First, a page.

The last decade has seen exponential growth in video gaming popularity, a trend that has continued amid the COVID-19 pandemic. The introduction of games such as Fortnite and Activision Blizzard’s Call of Duty: Warzone has attracted millions of players with the latter posting a 21% revenue growth for the end of 2020. Clearly the industry is thriving, however, manufacturing practices, energy consumption levels and recent workplace allegations suggest sustainability might not be as prevalent in the industry as profits.
The Blizzard lawsuit details shocking treatment of female employees and a culture of misogyny at the company. One incident was actually documented in a video clip from 2010. Gaming studio Ubisoft has faced similar allegations and reportedly made little effort to change its workplace culture. These dismissive responses to such allegations depict an industry refusing to recognise its toxic environment. Unfortunately, that isn’t the only area of sustainability the industry is falling short on.
What’s in the box?
Gaming consoles can consist of a variety of mined materials including copper, nickel, gold, tantalum and zinc — components that have embroiled companies, including Activision Blizzard, in human rights abuse cases. Two gaming juggernauts — Sony (PlayStation) and Microsoft (Xbox) — have attempted to improve transparency by having smelters and refiners fill out surveys, a process that has produced mixed results.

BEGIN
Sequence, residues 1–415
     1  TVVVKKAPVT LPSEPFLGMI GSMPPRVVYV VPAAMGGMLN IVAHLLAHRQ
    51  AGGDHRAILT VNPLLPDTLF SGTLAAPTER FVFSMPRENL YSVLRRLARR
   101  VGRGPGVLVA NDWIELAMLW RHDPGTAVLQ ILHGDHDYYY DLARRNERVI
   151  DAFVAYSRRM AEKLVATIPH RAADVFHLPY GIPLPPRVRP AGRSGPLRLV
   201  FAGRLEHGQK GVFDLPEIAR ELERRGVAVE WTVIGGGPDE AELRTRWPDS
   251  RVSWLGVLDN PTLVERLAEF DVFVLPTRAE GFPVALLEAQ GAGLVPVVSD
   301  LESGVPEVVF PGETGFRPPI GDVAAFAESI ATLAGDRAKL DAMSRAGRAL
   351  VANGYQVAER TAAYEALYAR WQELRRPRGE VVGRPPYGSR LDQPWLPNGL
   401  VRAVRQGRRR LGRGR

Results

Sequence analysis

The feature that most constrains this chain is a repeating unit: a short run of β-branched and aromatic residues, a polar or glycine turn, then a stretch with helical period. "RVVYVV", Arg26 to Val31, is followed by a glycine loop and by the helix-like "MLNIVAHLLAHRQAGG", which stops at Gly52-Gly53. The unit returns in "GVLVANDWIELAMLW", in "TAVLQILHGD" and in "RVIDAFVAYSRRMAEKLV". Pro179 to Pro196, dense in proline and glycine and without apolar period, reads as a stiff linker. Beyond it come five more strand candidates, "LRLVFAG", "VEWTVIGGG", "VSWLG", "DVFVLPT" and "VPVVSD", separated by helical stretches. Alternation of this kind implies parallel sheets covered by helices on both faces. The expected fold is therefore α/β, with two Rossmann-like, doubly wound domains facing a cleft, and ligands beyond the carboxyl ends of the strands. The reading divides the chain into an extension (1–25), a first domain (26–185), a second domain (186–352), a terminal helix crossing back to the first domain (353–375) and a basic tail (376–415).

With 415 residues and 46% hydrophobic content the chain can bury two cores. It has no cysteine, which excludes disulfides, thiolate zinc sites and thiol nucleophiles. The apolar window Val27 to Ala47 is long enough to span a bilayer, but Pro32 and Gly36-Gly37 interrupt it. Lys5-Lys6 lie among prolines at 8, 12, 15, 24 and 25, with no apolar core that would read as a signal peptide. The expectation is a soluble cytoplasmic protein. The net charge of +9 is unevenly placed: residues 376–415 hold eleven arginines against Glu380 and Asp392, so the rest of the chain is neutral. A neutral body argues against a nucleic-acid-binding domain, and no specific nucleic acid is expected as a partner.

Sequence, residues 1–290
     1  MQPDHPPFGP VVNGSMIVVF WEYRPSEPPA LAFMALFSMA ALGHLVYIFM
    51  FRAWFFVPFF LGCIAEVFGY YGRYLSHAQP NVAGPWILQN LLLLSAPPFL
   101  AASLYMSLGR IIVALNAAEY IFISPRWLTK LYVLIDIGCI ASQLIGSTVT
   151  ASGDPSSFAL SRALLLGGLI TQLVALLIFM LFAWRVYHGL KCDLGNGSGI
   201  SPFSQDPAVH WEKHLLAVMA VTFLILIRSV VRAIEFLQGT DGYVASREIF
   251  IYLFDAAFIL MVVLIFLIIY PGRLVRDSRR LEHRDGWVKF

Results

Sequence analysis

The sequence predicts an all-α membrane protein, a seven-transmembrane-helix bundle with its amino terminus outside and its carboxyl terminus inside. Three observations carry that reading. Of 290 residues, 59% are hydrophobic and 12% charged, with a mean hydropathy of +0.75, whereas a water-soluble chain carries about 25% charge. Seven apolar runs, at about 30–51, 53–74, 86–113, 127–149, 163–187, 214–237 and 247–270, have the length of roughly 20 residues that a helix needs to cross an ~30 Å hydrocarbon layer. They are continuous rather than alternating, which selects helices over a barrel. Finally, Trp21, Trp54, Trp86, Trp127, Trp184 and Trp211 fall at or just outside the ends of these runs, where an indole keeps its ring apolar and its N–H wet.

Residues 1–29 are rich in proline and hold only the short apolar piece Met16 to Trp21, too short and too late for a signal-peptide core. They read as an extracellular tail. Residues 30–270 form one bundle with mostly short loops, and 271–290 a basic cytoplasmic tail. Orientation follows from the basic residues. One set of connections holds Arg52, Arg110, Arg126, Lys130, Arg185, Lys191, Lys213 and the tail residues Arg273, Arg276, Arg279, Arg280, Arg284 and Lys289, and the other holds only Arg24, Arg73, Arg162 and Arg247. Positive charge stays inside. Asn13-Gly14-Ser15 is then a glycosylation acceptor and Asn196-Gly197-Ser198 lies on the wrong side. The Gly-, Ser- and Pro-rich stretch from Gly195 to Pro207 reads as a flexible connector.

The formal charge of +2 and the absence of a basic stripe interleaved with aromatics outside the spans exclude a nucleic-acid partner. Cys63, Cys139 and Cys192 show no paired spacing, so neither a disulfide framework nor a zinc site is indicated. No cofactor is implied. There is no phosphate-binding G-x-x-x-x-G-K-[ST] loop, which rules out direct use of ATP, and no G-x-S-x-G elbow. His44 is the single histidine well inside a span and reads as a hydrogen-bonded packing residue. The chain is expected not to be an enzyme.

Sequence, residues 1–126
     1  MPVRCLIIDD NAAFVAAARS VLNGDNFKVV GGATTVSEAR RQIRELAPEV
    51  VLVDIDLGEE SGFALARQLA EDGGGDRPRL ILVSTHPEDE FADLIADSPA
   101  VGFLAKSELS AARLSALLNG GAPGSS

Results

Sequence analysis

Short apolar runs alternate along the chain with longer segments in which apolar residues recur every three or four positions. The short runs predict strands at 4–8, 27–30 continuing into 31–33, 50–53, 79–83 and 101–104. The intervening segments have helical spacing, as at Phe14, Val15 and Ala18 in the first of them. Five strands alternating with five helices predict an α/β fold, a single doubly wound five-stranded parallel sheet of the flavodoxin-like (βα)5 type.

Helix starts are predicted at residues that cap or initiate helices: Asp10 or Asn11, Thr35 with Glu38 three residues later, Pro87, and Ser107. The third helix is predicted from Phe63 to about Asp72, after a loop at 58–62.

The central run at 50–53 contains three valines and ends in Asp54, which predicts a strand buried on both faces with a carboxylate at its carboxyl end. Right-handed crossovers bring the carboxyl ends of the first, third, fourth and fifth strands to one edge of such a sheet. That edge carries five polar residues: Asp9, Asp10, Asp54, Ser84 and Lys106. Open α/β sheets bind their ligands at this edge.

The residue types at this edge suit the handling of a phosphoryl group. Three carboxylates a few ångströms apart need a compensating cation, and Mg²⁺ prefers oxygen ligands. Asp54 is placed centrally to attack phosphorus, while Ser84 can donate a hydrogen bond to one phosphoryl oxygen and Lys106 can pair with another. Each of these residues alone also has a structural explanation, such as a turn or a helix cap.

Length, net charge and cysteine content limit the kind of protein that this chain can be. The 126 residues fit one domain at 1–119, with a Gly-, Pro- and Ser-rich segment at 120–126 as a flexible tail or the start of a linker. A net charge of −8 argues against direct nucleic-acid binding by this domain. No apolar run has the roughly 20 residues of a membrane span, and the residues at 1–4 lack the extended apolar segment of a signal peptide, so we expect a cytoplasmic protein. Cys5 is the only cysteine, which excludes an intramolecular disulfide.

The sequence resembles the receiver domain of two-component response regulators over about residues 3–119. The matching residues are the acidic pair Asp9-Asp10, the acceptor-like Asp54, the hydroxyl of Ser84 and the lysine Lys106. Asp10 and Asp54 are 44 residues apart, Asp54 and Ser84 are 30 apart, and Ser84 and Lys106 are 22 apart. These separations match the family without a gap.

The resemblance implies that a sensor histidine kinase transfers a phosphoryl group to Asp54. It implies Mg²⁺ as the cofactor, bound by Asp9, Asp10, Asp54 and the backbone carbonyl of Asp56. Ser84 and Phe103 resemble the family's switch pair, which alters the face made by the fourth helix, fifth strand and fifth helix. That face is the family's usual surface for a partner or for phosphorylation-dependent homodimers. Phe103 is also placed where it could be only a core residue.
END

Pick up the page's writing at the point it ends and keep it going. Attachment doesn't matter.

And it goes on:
In Sony’s 2019 report, 270 suppliers abided by RMAP standards but of the 56 that did not – 29 mining origins were untraceable. Microsoft has had more success with 232 out of 233 of its smelters and refiners achieving RMAP standards compliance. Nintendo, meanwhile, is eradicating conflict minerals from its consoles by simply avoiding the countries at risk – a controversial move barring potentially compliant suppliers in those regions from business.
Do you have the energy for more?
Mining is one of many factors that contribute to a product’s carbon footprint. Using the PlayStation 4 as an example, extraction and production, transportation and factory output for each console since its release in 2015 has pumped approximately 8.9 billion kg of CO2 into the atmosphere. That’s more than Jamaica’s total emissions for 2017.
Both Sony and Microsoft have pledged to reduce energy consumption in new gaming consoles but some action lies with the consumer – an estimated 35% of energy in US-based consoles is consumed during sleep mode, according to the Copenhagen Centre on Energy Efficiency. Beyond consoles’ significant CO2 contribution, PC gaming computers are even worse emitters, and their reliance on cloud computing for internet-based gaming will result in continued high emissions unless grids can shift towards renewable energy resources.
The bottom line
Gaming provides millions with a positive outlet, but it’s about time the industry levelled up its sustainability efforts.